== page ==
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USB unknown device keeps launching and failing

By sailordave
Jul 7, 2009
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  1. A passing friend had some pictures on a USB stick that she couldn't open. Tried with my computer & worked fine. Printed her pictures then waved goodbye as she sailed off with her stick towards turkey.
    Unfortunately, my computer has not forgotten her stick as quickly as I have.

    Every time I boot, It keeps popping up a USB connection dialog for an "Unknown Device" and then immediately killing it. It does this several hundred times for an hour or so and then seems to give up.
    I see the "Unknown Device" pop up and go away continuously in device manager but it gives me no options to remove it.
    The physical device is no longer there of course and I have no way of getting it. Some record of it must exist somewhere in windows but I don't know how to find it and remove it. (Sadly, I have no idea what it is called).

    Has anyone any suggestions for how I can hunt it down? My machine is a Compaq 8510w running Windows XP SP3. According to device manager it has both USB 1 and USB2
  2. LookinAround

    LookinAround TechSpot Chancellor Posts: 8,366   +167

    See How to use the DriveCleanupTool first to try cleanup your computer.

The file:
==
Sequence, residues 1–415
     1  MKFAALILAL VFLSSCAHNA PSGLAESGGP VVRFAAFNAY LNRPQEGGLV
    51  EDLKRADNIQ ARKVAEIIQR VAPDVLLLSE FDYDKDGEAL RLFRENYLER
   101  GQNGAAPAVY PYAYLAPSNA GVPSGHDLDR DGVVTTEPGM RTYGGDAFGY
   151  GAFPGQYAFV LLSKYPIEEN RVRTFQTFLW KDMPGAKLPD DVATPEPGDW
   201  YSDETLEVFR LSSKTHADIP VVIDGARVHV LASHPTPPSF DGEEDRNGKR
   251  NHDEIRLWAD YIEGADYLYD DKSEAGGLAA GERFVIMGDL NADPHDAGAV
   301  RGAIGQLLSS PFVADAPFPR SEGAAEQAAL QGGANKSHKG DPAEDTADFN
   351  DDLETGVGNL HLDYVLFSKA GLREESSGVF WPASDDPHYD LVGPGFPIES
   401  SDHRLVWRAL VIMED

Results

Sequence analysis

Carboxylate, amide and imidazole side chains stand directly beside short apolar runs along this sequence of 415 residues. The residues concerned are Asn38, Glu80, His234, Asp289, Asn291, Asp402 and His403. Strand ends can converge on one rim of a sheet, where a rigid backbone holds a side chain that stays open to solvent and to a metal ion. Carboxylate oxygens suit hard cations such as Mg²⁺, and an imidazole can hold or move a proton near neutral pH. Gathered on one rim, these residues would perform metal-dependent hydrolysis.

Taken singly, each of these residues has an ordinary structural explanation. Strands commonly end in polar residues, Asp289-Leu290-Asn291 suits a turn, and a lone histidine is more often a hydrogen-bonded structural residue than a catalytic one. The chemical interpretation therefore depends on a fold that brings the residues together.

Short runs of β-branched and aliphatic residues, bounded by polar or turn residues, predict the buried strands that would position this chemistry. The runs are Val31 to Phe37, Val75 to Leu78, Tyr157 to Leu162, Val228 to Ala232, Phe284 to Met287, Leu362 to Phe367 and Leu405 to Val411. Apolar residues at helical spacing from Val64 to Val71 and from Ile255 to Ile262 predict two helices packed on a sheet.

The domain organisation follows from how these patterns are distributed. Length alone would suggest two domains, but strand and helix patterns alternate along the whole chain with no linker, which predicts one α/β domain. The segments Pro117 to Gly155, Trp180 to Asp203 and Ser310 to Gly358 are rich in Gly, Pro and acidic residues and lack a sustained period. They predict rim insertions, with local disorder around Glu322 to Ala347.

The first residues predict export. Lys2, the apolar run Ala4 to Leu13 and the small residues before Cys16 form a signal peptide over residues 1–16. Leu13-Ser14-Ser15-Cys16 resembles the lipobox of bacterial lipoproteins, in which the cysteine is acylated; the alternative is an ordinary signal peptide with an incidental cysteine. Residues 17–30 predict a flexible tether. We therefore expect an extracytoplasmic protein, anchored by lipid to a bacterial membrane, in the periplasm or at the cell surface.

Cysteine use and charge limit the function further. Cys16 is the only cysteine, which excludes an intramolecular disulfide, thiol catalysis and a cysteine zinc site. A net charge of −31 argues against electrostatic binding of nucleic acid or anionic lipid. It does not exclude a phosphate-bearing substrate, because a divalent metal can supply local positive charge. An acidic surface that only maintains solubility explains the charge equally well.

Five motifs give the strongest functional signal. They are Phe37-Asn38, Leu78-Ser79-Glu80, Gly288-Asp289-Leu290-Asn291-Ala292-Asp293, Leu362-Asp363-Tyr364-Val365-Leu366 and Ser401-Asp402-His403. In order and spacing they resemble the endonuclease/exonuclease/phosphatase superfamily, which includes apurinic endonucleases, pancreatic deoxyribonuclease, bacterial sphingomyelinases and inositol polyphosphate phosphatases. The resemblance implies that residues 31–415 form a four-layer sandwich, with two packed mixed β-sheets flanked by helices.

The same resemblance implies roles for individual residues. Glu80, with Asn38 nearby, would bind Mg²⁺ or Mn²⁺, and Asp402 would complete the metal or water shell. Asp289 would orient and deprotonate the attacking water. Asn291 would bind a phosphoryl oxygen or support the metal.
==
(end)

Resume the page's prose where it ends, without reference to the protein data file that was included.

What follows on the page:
Note that windows keeps info about USB devices until they are uninstalled (not simply when they are removed). The tool will cleanup Windows data for all USB storage devices not connected at the time you run the command
  3. sailordave

    sailordave Newcomer, in training Topic Starter

    Moved on but not fixed

    Thanks LookinAround, That's a great utility. Cleaned up 33 USb drivers for all sorts of unused hardware (also some used hardware, but that will re-install itself.

    Sadly, although it has moved the problem on a bit, it's still not solved. The only device that comes back (as if the hardware had been re-inserted although it hasn't) is the offending one.

    DriveCleanup removes it again and gives me some info that I don't understand but may well be significant: USB\VID_0000&PID_0000\5&570F764&0&2

    It looks like there's some sort of hardware emulator that runs on startup and installs the faulty drivers again.

    Any idea what might be going on?
  4. LookinAround

    LookinAround TechSpot Chancellor Posts: 8,366   +167

    well, i do have some ideas of more specific things to check on that can cause the symptoms you describe....

    First thing to note: USB is not always as simple as Plug and Play
    By definition of the USB spec, there are low powered vs. high powered USB devices.
    > Low powered devices can require up to 100mA (milliamps) for power
    > High powered devices can require up to 500mA for power

    Based on what you report, i believe the top contenders for problem source are
    >> USB ports on your computer and/or USB hub ports and/or computer USB devices not working within their power requirement spec and/or
    >> A USB cabling issue (e.g. the USB cable length or is due to poor cable shielding)

    So a couple general things to start.. i can then followup with some more specific things to check/do
    1. Are you using any USB devices that allows for their own A/C adapter connection BUT their A/C adapter is not plugged in or working? (be sure to check all devices. Especially cameras, disk drives and card readers but certainly check all your USB devices)